How can gene testing help to treat and prevent cancer?
Gene testing is getting faster and cheaper. Tests can be carried out at a fraction of the cost, in a fraction of the time, compared to just a few years ago. These improvements mean far more people with cancer will be able to benefit from a genetic test.
But how can gene testing actually help those affected with cancer and their families?
It is very important to know if a mutation in a person’s genetic blueprint has caused their cancer. It allows more personalised treatment, for example such people are often at risk of getting another cancer and may choose to have more comprehensive surgery, or may need different medicines, or extra monitoring. It also improves the information available for relatives about their own cancer risks. Sometimes a relative is found to have an increased risk of cancer and screening or preventative measures can be employed. Just as frequently, testing provides the reassuring news that a relative is not at increased risk of cancer and does not need interventions.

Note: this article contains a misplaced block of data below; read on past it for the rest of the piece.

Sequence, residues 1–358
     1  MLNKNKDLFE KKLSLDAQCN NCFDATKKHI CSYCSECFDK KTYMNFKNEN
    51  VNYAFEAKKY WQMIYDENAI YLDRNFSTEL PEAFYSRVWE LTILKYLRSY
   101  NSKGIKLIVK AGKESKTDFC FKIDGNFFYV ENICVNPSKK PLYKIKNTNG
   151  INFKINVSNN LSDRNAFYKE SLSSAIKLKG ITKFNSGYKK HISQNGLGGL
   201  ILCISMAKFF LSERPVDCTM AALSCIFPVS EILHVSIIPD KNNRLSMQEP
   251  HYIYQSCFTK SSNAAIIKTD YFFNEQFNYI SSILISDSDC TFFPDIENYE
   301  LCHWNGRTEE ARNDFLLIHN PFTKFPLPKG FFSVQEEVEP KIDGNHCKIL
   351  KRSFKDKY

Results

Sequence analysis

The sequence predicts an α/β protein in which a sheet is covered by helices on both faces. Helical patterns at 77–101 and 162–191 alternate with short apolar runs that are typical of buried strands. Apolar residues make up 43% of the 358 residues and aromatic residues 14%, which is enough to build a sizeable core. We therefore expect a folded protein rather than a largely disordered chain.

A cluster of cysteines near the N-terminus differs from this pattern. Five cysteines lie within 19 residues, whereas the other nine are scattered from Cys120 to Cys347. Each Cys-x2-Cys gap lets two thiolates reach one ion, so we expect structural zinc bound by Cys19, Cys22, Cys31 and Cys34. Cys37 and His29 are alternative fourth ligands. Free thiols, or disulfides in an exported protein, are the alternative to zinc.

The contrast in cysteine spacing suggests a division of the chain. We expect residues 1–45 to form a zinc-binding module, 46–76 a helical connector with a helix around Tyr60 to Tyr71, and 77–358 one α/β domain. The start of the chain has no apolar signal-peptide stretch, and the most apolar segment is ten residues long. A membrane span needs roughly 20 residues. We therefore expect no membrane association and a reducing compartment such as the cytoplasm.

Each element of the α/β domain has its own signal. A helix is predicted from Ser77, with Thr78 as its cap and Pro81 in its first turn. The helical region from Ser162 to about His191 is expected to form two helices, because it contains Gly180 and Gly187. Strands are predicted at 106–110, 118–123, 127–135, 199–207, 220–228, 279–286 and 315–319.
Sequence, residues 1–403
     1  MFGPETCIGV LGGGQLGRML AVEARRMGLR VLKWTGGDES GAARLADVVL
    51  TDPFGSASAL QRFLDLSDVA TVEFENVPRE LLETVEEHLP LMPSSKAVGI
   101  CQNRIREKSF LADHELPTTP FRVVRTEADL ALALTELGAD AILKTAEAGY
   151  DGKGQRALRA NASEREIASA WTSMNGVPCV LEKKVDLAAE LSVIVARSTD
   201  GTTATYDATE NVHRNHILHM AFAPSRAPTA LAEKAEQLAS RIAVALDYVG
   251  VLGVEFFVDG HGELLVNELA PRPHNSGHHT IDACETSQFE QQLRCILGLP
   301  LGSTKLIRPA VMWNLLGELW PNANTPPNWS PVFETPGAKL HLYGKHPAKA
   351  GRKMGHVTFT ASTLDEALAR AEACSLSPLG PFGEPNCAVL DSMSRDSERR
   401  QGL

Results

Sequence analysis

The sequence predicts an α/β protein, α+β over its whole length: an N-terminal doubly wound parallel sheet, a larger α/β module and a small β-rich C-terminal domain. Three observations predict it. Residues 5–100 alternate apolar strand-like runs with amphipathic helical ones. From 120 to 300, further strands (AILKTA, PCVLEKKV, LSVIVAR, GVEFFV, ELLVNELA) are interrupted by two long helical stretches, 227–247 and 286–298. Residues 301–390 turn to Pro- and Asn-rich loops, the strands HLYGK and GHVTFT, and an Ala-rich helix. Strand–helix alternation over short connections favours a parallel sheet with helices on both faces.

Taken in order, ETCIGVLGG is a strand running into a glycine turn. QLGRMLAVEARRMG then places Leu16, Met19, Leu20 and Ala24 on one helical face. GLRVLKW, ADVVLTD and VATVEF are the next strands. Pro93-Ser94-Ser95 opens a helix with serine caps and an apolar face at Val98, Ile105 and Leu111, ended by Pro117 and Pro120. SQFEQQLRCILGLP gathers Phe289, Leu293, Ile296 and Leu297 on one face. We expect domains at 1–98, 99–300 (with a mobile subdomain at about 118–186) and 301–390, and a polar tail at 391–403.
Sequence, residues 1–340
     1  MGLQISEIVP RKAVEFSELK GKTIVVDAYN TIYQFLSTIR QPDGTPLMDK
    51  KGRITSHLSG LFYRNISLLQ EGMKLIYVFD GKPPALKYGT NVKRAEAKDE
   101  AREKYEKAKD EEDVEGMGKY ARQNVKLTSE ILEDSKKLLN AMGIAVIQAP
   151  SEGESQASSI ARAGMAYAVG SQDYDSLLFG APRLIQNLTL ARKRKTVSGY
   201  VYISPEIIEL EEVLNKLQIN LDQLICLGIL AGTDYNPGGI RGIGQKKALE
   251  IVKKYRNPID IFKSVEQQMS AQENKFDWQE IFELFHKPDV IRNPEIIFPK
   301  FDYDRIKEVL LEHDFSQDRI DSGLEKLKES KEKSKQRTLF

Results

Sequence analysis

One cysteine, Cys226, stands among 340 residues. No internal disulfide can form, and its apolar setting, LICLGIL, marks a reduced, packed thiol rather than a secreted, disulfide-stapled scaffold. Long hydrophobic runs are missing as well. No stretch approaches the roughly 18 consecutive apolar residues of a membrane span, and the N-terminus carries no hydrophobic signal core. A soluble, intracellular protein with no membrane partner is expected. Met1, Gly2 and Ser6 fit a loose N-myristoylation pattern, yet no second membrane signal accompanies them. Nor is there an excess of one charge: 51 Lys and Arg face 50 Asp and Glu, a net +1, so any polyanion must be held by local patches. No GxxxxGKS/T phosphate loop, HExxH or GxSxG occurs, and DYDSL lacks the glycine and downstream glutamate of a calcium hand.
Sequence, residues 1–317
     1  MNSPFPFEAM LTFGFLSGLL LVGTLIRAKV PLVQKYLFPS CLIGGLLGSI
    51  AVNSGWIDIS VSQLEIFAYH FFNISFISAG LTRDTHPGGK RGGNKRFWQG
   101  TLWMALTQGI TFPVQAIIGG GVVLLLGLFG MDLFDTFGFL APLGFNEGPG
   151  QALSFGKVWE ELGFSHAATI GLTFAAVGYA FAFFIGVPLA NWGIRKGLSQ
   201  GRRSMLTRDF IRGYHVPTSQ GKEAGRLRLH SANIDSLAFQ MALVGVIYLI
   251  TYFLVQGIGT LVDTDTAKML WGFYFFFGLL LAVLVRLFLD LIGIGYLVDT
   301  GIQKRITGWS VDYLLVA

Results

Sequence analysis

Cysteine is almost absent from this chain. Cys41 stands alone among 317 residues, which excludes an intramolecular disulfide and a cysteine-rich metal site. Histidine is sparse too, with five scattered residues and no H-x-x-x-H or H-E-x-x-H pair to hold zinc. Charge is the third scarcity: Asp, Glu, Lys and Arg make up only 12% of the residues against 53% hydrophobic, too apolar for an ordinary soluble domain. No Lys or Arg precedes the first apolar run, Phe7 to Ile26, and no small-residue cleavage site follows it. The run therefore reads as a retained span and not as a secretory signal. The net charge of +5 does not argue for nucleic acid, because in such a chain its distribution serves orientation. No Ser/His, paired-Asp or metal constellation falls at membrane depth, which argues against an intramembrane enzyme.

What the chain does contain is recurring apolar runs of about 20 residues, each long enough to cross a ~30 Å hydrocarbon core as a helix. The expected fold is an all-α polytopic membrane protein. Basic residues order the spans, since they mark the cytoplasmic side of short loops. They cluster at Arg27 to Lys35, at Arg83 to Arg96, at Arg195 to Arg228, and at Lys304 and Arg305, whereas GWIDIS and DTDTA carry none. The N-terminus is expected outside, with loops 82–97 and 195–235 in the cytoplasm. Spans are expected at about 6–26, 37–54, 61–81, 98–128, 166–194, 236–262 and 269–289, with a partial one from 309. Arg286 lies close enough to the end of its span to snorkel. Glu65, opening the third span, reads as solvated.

Importantly, identifying cancer predisposition gene mutations provides an opportunity to prevent cancers. For example, about 1,000 women in the UK develop ovarian cancer each year because they have a gene mutation. If this was known before they got cancer, many may have chosen to have their ovaries removed by keyhole surgery after completing their families. Identifying people with cancer due to gene mutations and offering testing to their relatives is a very effective way of helping people at highest risk of cancer before they develop the disease.